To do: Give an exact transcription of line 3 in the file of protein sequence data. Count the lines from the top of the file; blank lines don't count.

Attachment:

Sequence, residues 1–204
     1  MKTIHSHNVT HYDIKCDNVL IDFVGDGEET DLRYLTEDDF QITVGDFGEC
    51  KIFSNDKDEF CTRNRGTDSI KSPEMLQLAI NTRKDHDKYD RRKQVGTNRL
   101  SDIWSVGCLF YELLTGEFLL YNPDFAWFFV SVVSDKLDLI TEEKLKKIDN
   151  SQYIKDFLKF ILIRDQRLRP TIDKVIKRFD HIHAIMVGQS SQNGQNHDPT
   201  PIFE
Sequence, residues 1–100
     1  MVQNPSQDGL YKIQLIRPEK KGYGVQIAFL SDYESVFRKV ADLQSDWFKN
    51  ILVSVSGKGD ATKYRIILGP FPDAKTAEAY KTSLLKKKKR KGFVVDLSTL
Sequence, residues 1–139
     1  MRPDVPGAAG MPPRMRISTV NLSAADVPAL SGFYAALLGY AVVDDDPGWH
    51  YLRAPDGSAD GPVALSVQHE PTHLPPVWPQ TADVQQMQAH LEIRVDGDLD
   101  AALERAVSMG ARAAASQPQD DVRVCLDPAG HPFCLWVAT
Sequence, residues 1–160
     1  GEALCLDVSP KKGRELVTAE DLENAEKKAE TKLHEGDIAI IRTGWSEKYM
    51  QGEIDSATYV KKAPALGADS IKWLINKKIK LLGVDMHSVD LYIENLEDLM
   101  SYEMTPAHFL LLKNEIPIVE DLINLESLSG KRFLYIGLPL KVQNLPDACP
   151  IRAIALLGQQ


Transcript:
    51  KIFSNDKDEF CTRNRGTDSI KSPEMLQLAI NTRKDHDKYD RRKQVGTNRL